Abstract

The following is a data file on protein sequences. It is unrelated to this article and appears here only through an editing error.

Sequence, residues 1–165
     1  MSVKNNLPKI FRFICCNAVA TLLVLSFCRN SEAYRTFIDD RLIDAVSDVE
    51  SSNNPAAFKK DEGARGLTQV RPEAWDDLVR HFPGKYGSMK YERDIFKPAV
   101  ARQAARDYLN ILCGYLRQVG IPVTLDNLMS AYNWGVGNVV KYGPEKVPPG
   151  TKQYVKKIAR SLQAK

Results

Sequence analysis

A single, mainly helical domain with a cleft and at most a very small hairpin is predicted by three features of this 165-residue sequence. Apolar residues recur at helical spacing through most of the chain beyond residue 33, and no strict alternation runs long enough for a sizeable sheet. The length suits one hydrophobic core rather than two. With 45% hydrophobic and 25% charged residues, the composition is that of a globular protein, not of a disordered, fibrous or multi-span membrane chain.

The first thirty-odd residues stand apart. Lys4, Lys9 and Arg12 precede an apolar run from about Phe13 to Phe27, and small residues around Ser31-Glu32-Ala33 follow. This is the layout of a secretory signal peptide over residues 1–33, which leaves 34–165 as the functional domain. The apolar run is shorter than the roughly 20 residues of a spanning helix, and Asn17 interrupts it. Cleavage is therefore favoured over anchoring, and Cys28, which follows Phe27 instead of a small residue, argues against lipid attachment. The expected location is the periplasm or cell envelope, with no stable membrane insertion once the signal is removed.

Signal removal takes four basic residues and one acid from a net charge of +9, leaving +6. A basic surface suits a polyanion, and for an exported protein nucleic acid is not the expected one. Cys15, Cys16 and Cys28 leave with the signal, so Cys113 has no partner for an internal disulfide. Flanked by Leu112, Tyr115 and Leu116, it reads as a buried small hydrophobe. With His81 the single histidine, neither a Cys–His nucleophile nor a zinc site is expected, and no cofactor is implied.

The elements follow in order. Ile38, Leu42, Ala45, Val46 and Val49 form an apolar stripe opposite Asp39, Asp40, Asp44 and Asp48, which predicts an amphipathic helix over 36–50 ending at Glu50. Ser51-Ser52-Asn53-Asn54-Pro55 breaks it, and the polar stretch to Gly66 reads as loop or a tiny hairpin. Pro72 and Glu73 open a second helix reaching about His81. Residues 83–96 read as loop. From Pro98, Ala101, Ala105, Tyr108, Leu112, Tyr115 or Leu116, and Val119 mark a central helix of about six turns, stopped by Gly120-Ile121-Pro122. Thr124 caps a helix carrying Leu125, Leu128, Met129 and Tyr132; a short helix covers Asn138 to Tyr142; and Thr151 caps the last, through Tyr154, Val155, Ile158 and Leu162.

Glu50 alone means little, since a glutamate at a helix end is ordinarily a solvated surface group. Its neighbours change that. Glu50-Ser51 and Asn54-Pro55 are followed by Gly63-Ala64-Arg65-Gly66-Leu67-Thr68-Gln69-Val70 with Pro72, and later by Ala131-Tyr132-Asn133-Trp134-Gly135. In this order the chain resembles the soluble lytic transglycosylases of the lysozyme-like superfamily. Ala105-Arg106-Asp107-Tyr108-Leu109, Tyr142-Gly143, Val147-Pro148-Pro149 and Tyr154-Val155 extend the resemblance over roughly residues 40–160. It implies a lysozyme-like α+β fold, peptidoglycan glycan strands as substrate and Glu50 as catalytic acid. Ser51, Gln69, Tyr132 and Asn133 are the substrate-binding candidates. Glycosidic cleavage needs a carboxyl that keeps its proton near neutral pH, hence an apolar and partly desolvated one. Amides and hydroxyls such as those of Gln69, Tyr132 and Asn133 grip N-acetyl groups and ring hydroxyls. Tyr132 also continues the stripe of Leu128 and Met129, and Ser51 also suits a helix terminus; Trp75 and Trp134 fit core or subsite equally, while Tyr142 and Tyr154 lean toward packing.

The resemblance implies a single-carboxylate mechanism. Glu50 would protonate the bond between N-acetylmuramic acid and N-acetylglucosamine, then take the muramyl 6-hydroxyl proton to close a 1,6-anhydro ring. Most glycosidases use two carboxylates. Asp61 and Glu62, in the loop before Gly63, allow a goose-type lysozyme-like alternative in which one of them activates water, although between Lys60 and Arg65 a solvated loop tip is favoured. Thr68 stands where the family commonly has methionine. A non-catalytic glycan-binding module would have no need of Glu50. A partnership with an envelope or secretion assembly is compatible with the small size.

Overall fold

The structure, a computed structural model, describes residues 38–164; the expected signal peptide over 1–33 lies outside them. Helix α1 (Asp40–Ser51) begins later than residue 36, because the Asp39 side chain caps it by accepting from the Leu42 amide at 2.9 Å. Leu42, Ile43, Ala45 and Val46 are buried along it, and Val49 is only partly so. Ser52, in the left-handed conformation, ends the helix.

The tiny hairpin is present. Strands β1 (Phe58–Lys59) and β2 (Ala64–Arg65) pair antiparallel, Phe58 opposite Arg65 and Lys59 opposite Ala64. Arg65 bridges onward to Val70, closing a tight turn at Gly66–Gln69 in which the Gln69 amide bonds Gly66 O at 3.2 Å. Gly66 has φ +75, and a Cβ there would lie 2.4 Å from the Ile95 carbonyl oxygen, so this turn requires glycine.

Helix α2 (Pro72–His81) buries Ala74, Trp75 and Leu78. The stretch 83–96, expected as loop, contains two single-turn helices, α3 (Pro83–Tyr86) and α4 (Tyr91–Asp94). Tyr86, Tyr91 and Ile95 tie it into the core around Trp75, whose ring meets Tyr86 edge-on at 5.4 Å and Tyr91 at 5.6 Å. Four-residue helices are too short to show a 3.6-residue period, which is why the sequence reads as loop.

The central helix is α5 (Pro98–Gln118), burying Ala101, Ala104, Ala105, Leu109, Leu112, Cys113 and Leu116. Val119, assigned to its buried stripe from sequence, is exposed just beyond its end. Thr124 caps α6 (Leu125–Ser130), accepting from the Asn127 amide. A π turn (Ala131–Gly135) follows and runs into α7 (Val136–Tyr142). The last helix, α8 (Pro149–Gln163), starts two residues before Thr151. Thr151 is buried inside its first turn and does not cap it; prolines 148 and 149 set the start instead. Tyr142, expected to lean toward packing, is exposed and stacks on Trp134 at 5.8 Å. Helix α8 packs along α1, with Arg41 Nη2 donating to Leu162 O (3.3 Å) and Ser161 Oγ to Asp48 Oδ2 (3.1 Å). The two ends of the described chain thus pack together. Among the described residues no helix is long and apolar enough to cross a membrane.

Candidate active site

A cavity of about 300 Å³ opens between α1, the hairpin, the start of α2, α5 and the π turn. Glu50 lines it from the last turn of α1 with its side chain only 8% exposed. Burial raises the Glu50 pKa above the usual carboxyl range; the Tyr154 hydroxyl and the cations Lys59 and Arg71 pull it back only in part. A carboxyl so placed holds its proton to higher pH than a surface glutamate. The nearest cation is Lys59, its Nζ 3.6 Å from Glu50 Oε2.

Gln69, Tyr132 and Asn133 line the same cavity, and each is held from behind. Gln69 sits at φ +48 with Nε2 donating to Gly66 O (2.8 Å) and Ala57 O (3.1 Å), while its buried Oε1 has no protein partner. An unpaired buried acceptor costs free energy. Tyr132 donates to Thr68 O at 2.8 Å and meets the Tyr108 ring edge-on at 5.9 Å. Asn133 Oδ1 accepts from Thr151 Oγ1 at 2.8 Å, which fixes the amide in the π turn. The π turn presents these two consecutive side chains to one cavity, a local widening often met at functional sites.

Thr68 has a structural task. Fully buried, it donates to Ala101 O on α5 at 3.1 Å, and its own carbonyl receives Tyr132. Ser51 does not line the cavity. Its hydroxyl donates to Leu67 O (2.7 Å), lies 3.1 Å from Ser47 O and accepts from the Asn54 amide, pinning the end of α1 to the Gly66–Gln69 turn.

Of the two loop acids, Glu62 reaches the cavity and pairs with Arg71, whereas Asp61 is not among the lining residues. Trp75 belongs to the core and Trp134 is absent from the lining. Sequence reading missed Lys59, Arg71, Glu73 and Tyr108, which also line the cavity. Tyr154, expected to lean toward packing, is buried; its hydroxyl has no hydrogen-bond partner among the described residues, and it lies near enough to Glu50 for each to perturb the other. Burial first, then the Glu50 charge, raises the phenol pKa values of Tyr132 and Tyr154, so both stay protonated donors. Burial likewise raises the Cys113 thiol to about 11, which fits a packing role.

The stiffness properties of an environment are perceived during active manual manipulation primarily by processing force cues and position-based tactile, kinesthetic, and visual information. Using a two alternative forced choice (2AFC) stiffness discrimination task, we tested how the perceiver integrates stiffness-related information based on sensory feedback from one or two modalities and the origins of within-session shifts in stiffness discrimination ability. Two factors were investigated: practice and the amount of available sensory information. Subjects discriminated between the stiffness of two targets that were presented either haptically or visuohaptically in two subsequent blocks. Our results show that prior experience in a unisensory haptic stiffness discrimination block greatly improved performance when visual feedback was subsequently provided along with haptic feedback. This improvement could not be attributed to effects induced by practice or multisensory stimulus presentation. Our findings suggest that optimization integration theories of multisensory perception need to account for past sensory experience that may affect current perception of the task even within a single session.

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